Here's how it worked – or didn't – in applying due diligence to the auto rescue. A sub-committee heard late-night testimony for a file-and-forget report pre-empted by cabinet's decision to impose a 60-day restructuring deadline. Or, put another way, MPs had no meaningful influence over a decision with profound implications and a price tag of roughly 20 per cent of this year's projected $50 billion deficit.

There's nothing new here about not knowing enough. A memorable example is the artful way Liberals lifted the rug to hide the cash that became the Quebec sponsorship scandal. But deficits for the foreseeable future bring fresh urgency for politicians to prove to citizens, taxpayers and voters that every cent is wisely spent.

A dilemma is created by the continuing failure to meet that minimum standard. If MPs can't do their most important job, why bother coming here at all?
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Comments:

Look at the BC Rail Case

I've wished a thousand times that the rest of Canada would begin to pay attention to the offences being committed against British Columbia. The whole sorry mess is being exposed by the trial in BC Supreme Court investigating how the Campbell government happened to lose Canada's 3rd largest railway. Millions of dollars are going down the drain as Crown Prosecutors and Campbell Cabinet ministers try to prevent the necessary documents from being read in court. The deal itself giving BCRail to CN remains secret after 5 years! There are connections from the accused to a sparkling array of Canadian political celebrities ... all of it ignored by the media and by the nation's leaders. Jim Travers asks why our MPs are there. I ask why CanWest is there. More's the point: I ask who's running this country?

Submitted by BC Mary at 9:56 PM Saturday, June 06 2009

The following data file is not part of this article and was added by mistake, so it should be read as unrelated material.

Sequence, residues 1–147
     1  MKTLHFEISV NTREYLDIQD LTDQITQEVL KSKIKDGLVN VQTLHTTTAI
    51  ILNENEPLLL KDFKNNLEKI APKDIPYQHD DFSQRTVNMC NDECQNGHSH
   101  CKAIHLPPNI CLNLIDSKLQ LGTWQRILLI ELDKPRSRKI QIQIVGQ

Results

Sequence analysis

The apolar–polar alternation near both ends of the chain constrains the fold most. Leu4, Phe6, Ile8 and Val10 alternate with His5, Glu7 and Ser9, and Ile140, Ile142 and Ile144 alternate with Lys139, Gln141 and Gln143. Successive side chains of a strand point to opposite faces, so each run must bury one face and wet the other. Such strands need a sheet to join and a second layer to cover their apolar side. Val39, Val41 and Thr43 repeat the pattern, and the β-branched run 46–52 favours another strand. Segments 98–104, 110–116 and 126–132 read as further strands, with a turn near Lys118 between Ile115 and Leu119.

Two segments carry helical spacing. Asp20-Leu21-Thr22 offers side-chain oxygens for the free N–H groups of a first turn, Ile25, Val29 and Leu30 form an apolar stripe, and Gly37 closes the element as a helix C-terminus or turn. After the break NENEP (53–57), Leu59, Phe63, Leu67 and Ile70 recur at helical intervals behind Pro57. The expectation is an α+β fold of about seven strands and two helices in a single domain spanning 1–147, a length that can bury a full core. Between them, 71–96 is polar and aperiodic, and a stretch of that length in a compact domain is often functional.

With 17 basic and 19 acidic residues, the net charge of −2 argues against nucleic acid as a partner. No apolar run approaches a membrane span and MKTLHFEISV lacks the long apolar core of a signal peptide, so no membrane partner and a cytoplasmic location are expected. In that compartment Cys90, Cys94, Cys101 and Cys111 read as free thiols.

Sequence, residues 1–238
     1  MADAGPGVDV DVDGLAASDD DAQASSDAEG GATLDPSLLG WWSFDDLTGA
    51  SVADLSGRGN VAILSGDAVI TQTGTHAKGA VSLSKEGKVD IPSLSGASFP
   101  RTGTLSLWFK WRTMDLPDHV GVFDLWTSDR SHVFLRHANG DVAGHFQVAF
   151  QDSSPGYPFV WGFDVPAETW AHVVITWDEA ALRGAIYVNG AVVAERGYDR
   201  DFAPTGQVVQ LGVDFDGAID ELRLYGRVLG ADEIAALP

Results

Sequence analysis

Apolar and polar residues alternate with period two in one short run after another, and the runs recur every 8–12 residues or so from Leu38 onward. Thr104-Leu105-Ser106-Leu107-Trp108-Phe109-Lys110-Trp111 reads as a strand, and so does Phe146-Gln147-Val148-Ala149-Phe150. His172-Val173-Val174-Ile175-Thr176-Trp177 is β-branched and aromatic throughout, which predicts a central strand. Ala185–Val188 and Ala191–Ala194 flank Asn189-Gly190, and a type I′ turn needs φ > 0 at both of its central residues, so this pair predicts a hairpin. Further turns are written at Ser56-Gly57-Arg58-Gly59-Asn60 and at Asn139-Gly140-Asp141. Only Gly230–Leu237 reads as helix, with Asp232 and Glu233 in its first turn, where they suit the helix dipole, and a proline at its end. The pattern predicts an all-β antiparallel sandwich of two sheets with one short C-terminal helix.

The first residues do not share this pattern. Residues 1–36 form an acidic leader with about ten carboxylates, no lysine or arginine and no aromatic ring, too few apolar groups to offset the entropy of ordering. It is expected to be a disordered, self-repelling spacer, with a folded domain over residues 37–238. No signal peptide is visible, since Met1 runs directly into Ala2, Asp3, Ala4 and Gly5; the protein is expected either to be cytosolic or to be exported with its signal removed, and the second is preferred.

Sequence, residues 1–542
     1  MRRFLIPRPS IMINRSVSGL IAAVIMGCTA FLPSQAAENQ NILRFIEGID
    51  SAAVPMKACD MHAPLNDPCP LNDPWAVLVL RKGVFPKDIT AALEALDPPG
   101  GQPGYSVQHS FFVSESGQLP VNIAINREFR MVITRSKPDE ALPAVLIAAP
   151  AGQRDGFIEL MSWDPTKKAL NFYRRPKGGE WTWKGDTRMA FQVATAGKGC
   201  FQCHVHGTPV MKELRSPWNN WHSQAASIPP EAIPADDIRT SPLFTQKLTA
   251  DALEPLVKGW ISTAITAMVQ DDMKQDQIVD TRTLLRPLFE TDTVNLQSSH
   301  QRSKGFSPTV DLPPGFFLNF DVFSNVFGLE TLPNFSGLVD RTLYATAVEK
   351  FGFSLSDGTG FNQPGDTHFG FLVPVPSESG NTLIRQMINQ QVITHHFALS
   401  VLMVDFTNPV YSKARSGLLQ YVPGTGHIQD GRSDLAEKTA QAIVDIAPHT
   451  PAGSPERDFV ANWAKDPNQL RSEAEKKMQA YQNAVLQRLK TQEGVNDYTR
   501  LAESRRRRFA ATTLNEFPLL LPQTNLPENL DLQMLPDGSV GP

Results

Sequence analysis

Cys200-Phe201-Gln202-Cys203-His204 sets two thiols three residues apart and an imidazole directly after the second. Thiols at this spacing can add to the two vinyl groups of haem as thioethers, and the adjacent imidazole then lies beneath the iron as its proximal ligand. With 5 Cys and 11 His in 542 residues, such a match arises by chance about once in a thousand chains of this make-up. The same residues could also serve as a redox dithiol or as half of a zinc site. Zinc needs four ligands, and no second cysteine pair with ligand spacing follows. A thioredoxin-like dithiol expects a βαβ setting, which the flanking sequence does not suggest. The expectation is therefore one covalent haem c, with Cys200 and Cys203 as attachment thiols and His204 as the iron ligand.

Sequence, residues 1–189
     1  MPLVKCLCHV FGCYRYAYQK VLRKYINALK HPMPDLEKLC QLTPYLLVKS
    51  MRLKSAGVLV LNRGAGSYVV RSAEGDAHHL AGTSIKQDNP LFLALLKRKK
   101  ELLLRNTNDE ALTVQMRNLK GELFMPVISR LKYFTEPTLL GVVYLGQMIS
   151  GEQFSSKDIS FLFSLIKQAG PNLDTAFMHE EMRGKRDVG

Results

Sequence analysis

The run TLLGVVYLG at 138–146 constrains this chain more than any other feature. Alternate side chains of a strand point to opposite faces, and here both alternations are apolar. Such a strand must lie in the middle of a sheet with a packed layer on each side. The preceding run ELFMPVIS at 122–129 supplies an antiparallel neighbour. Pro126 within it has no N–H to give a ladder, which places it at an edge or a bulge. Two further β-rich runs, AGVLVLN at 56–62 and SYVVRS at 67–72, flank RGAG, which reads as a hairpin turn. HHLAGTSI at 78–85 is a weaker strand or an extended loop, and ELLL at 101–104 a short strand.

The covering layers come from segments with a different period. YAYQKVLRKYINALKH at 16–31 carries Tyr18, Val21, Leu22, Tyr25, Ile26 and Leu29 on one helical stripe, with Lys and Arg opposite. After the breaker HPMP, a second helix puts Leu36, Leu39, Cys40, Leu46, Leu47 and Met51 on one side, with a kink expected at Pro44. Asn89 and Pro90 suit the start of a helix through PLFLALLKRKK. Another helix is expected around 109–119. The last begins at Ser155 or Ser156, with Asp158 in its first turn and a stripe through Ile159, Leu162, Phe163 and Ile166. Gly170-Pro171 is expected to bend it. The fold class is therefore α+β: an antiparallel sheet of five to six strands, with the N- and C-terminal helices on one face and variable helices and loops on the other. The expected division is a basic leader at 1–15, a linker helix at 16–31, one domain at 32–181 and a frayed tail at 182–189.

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It's laziness and apathy. When you have a party like the (Reform/CA)Conservatives a party that DOESN'T believe in government you can expect a little bit of reluctance to step in and do anything. Why else would they be so eager to sell off Gov. properties so that they don't have to deal with them. The fact that a majority of the MP's are grossly unqualified like Flaherty we should be so lucky that not a lot of them are stepping in making things worse. They would have to care about ALL Canadians (and not certain provinces) to want to make a difference and govern.

Submitted by blueburn at 8:01 PM Saturday, June 06 2009
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Truth as we've seen it (past), governments 'buy' using public funds then 'sells' (says not profitable) to friends, relatives, cronies for a song! Grand theft and we stand by with our mouths hanging open doing nothing.

Submitted by rroarrrrrrrrrrrrrrrrr at 6:06 PM Saturday, June 06 2009

and 25 more comments before the Comments section was closed.

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Comments:
" Pressing issues once openly debated in the Commons were shuffled to committees where fluid membership, pinched resources and extreme partisanship guarantee the best questions are rarely, if ever, answered."

Unfortunately, it is worse than Mr. Travers suggests above. Actually the best and most relevant questions are rarely even ASKED!

Just look at the sham that was supposed to be a Parliamentary committee looking into Lyin' Brian and the mysterious bags of money, that he thought was even tax free for a number of years (or unwilling to report). The real questions aren't asked and the discrepancies between previous testimony and current revelations are studiously IGNORED by all the old boys and girls.

But things are going well in BC, I just heard on the radio this morning that that pale imitation of Orange County - Kelowna, the place where young people from our community have to go for work or higher education and the sick for medical treatment has now hit 11.5% unemployement, and we all know that must actually mean over 20%, as the counting method is designed to hide unemployment. But these guys (Kelowna) would elect a dummy with a provicial Liberal label or federal Conservative label and just did both yet again. But not to worry, these guys both in Ottawa and Victoria are "masters of finance" - well they know how to steal anyway!

Big news from Victoria and the House of Horrors is that all our new MLAs are getting sworn in today - except for Vicki Huntington for some reason - she gets sworn in all alone tomorrow. Are they sending her a message?